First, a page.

20984 Arthritis Australia Ankylosing Spondylitis - Arthritis NSW

find support to cope with the ... Dr Mona Marabani, Rheumatologist and President of Arthritis Australia ... Mrs Judith Nguyen, Arthritis Australia, Board Member.
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Taking control of your

Ankylosing Spondylitis A practical guide to treatments, services and lifestyle choices

How can this booklet help you This booklet is designed for people who have ankylosing spondylitis. It will help you understand your condition so that you can better manage your symptoms and continue to lead an active and healthy life. This booklet offers information and practical advice to help you: • understand what ankylosing spondylitis is and what it means for you • work with your healthcare team to manage the disease and reduce symptoms • choose foods and activities that are appropriate to your situation

• understand how your medicines can help in the short and long term • find support to cope with the emotional and lifestyle impacts of the disease. The information inside is based on the latest research and recommendations, and has been reviewed by Australian experts in the field to make sure it is current and relevant to your needs. So go ahead — take control of your ankylosing spondylitis!

© Copyright Arthritis Australia 2009. Reviewed November 2016.

Proudly sponsored by an unrestricted educational grant from:

UCB Australia Pty Ltd ABN 48 005 799 208 Level 1, 1155 Malvern Road, Malvern VIC 3144 Original booklet produced by: Indegene Australia Pty Ltd

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Taking control of your Ankylosing Spondylitis

AU-RHU-2013-64b

Contents Understanding ankylosing spondylitis

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Who can help?

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Working with your GP

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Seeing a rheumatologist

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Other health professionals

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Healthy moves for your spine and joints

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Making the most of medicines

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Seeking support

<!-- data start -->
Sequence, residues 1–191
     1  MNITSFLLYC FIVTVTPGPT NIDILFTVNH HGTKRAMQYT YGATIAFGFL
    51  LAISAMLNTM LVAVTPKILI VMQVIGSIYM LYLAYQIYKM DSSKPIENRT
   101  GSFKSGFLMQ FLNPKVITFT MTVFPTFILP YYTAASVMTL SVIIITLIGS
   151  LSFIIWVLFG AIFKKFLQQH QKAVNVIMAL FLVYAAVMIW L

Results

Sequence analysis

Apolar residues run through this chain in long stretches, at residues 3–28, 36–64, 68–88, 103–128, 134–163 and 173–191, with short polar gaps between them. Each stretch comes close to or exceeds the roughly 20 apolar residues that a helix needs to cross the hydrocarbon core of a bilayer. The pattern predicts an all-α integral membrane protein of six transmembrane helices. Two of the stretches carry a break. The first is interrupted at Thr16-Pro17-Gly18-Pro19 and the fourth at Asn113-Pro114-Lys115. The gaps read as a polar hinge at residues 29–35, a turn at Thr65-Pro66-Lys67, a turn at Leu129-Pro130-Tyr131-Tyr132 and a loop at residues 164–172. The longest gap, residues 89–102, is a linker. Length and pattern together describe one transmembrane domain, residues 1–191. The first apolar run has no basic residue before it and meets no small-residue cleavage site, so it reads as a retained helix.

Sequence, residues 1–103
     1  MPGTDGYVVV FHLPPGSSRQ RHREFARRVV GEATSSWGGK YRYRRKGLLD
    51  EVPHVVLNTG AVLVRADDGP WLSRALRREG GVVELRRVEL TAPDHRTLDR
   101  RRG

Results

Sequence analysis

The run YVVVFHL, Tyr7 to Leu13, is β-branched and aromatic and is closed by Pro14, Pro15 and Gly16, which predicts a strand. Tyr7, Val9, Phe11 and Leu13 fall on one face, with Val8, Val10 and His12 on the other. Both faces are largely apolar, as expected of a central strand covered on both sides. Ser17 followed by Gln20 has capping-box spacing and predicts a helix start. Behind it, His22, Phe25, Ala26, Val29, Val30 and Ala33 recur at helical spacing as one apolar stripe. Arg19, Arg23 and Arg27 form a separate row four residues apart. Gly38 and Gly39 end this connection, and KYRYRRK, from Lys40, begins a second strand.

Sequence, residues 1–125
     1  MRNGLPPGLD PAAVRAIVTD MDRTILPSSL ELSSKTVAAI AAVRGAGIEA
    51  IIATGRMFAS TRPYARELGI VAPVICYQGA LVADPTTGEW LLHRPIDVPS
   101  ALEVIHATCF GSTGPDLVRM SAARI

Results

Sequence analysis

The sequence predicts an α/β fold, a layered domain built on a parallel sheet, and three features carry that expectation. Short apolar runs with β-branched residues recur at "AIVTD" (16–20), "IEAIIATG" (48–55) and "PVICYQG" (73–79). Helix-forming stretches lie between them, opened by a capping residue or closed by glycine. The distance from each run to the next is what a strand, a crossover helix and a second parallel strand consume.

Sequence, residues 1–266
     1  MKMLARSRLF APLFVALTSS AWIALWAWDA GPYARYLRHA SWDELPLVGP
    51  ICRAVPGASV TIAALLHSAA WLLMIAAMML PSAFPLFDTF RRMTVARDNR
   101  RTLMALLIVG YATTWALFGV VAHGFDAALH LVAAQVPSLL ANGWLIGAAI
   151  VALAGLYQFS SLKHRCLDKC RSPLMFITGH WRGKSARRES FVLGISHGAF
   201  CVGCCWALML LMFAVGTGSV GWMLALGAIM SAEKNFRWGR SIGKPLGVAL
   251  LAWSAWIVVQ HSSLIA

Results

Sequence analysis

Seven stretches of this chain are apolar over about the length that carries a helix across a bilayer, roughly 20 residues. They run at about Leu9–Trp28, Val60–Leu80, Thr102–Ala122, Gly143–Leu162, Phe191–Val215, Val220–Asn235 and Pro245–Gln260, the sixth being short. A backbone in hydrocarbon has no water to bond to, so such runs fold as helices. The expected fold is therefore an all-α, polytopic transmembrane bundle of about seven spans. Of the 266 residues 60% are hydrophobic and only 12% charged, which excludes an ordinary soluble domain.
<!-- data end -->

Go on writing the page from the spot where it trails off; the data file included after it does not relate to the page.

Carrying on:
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Glossary of terms

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Useful resources

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Medical and consumer consultants Dr Paul Bird, Rheumatologist Ms Tanya deKroo, Information Resources Coordinator, Arthritis Australia Mr Matthew Leibowitz, person living with ankylosing spondylitis Dr Mona Marabani, Rheumatologist and President of Arthritis Australia (2007-2010) Ms Jean McQuade, Manager, Health & Education Services, Arthritis WA Dr Peter Nash, Rheumatologist Mrs Judith Nguyen, Arthritis Australia, Board Member Dr Peter Youssef, Rheumatologist and Chair of Arthritis Australia Scientific Advisory Committee Arthritis Australia

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Understanding ankylosing spondylitis What is ankylosing spondylitis?

Early symptoms often include back and neck pain, which is usually worse early in the morning

Ankylosing spondylitis is a disease which causes inflammation and pain in your spine (backbone). Early symptoms often include back and neck pain, which is usually worse early in the morning and when you first get out of bed. This type of back pain is worse after rest and improves with exercise or activity. It can also affect other joints such as the shoulders, hips, knees, ankles and the joints between your ribs and breastbone. There may also be symptoms away from the spine, including bowel irritation and sore eyes. Ankylosing spondylitis affects about 1–2% of Australians. The disease usually first appears between the ages of 15–40 years and is about three times more common in men than in women.

What causes ankylosing spondylitis? The exact cause of ankylosing spondylitis is not known. It seems that in almost all cases, the disease runs in the family, particularly in people who carry the HLA-B27 gene.

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However, only about one in every eight people who have the HLA-B27 gene will develop ankylosing spondylitis, so having the gene does not necessarily mean that the disease will be passed on from parents to their children. For people who carry HLA-B27 and have a parent, brother or sister with ankylosing spondylitis, the risk of developing the